Your Fingerprints Are About to Reveal a Lot More About You
Geege Schuman stashed this in Science Too
A new technology will allow authorities to tell whether you used drugs recently, if you're a smoker, even what sex you are—all from your fingerprints.
Is there any way to see this as a good thing?
Cost savings, time saved - perhaps lives saved.
But imagine if there were more to fingerprint science than running patterns of whorls through a database. Picture forensic investigators using fingerprints to find out whether the person who left them was a smoker, whether they had recently handled drugs or explosives, or even to determine their gender.
"We had a suspicion the suspect was a guy, because people had seen the victim with someone. If we knew early on how to eliminate the female prints, we could have just focused on the male prints," said Sgt. Patricia Wisneski, crime scene investigative unit manager for the Guilford County Sheriff's Office in Greensboro. While the man in the murder case was eventually arrested, officers might have found him a lot faster if they'd been able to analyze fingerprints this way.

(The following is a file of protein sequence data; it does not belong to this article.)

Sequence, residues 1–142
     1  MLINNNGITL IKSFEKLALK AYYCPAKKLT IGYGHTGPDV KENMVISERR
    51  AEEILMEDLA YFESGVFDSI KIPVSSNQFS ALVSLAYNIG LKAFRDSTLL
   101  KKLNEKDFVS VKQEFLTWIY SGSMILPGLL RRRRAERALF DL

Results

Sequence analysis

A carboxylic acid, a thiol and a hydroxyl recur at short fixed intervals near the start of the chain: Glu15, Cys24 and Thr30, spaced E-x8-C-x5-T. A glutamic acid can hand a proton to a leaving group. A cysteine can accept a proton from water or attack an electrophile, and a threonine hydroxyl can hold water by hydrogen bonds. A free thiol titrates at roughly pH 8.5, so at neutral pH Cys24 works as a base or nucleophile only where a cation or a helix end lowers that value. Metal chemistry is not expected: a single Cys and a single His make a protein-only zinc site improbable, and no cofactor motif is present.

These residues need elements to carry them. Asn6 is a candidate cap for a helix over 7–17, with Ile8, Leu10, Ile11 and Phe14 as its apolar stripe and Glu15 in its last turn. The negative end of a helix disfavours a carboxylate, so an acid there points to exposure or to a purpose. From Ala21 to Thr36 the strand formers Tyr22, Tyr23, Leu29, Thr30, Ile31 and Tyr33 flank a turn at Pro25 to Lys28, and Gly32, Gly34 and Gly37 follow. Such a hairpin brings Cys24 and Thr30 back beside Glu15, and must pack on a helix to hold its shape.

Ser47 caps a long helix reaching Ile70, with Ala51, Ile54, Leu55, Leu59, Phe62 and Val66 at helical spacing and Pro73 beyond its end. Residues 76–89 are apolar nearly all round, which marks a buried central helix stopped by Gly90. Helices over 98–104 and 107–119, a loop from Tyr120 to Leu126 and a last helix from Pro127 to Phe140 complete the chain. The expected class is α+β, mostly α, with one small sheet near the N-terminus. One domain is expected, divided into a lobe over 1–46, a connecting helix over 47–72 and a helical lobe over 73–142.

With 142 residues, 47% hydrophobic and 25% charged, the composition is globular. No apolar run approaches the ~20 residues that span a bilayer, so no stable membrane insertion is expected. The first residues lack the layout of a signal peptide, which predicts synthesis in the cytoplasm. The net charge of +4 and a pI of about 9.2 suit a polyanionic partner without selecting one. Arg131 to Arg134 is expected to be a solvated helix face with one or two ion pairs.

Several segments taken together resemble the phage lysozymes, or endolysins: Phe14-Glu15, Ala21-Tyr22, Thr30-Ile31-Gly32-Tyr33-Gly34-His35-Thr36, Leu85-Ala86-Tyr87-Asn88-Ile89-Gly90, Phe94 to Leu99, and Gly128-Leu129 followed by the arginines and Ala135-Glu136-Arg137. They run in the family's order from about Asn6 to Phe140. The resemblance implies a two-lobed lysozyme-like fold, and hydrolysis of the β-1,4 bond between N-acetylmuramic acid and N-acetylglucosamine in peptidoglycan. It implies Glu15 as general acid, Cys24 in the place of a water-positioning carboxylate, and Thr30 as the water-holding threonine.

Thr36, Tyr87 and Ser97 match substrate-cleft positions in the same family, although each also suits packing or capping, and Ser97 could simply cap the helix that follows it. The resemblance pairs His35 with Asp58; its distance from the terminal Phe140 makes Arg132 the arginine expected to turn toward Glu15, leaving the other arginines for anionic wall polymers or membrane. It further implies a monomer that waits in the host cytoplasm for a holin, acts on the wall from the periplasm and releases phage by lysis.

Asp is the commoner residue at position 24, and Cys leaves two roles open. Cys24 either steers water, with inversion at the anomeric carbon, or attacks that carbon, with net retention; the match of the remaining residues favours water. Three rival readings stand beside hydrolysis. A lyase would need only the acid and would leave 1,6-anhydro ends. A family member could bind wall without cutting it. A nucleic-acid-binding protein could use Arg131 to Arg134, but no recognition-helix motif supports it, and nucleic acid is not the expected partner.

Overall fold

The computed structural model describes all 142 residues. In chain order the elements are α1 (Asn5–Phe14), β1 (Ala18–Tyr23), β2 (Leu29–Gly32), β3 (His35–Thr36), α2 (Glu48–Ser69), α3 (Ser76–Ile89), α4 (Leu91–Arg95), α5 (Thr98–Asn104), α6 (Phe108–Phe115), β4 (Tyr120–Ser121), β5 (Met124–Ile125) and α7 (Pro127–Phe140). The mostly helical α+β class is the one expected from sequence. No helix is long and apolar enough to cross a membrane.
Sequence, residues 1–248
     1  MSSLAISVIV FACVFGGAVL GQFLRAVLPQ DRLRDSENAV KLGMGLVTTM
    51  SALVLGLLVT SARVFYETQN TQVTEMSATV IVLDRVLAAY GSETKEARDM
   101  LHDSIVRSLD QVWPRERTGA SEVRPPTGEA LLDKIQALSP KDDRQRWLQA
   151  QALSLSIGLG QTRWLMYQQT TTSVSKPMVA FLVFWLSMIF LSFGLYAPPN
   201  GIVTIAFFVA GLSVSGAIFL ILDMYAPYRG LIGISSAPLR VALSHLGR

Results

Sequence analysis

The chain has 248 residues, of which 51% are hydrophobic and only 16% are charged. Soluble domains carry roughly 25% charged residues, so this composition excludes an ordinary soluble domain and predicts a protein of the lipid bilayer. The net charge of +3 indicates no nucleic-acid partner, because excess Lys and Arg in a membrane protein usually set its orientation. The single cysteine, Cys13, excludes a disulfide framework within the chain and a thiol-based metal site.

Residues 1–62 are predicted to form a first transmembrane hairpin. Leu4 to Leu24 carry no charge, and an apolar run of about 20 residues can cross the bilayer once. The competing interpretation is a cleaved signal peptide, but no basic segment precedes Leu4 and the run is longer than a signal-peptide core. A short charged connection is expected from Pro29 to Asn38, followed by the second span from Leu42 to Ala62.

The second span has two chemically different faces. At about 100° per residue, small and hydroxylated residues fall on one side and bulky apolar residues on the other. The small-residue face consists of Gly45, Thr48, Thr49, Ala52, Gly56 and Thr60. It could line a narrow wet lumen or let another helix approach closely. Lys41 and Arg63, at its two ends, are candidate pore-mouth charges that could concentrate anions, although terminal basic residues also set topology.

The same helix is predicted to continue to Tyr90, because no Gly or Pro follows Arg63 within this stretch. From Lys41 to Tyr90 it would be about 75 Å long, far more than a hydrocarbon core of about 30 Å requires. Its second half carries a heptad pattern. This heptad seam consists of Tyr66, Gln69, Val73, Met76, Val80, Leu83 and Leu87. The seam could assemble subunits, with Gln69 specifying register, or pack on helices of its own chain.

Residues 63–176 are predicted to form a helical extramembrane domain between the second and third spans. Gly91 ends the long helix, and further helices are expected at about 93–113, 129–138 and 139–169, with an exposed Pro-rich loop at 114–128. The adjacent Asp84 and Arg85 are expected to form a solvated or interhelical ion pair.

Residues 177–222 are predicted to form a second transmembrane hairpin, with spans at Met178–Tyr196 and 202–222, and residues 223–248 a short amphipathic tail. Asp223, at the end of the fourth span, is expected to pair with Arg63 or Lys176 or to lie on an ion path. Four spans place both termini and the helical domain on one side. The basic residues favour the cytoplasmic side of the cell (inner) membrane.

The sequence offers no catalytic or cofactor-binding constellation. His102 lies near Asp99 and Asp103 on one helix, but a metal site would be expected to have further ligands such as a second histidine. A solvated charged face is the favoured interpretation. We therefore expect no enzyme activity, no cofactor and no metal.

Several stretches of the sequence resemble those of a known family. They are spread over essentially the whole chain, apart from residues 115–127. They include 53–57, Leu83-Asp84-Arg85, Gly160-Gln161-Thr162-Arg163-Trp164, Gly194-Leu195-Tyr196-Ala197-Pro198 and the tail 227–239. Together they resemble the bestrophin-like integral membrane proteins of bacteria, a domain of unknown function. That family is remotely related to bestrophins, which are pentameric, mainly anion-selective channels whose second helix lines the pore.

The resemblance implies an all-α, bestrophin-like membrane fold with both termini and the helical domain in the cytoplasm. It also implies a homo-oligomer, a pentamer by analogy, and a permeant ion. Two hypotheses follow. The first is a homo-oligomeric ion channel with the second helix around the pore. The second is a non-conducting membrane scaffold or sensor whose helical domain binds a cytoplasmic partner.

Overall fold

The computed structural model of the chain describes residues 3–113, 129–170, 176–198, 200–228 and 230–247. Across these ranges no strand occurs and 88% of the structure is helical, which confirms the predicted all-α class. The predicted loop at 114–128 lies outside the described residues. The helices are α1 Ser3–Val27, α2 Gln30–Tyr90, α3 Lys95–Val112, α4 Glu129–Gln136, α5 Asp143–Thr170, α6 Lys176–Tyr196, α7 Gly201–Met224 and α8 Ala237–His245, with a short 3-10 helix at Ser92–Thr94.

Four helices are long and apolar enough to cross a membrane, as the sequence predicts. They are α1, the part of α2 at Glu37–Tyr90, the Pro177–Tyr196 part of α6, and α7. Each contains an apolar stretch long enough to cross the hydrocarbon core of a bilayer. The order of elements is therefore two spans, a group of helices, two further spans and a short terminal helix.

Now, they are. The Guilford County Sheriff's Department is one of several law enforcement agencies testing a new fingerprint technology that can analyze metabolites left behind in fingerprint residue for a variety of factors. The ability to eliminate certain crime scene prints from the start enables investigators to send out fewer samples to be tested for DNA, which can be a costly and time-consuming process, Wisneski said. Knowing whether the person had handled drugs or explosives doesn't hurt, either.
"Knowing any additional information about a suspect is always helpful and can generally lead the detectives in the right direction earlier in an investigation. Obtaining information sooner is always better than later," Wisneski said.
Lives saved might make it worth it. But whew the privacy red flags are up the yin yang on this one!